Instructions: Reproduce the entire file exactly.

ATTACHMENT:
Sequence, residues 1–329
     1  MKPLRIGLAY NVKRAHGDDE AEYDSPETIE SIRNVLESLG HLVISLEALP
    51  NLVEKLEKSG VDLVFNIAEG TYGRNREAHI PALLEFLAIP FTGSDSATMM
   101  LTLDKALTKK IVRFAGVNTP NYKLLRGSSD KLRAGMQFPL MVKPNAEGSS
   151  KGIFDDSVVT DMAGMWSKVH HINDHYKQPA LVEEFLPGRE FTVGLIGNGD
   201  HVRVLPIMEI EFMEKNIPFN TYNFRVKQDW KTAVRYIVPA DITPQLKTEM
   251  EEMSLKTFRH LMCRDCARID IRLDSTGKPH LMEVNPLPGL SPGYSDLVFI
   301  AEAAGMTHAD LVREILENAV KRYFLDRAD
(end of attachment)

Sequence, residues 1–329
     1  MKPLRIGLAY NVKRAHGDDE AEYDSPETIE SIRNVLESLG HLVISLEALP
    51  NLVEKLEKSG VDLVFNIAEG TYGRNREAHI PALLEFLAIP FTGSDSATMM
   101  LTLDKALTKK IVRFAGVNTP NYKLLRGSSD KLRAGMQFPL MVKPNAEGSS
   151  KGIFDDSVVT DMAGMWSKVH HINDHYKQPA LVEEFLPGRE FTVGLIGNGD
   201  HVRVLPIMEI EFMEKNIPFN TYNFRVKQDW KTAVRYIVPA DITPQLKTEM
   251  EEMSLKTFRH LMCRDCARID IRLDSTGKPH LMEVNPLPGL SPGYSDLVFI
   301  AEAAGMTHAD LVREILENAV KRYFLDRAD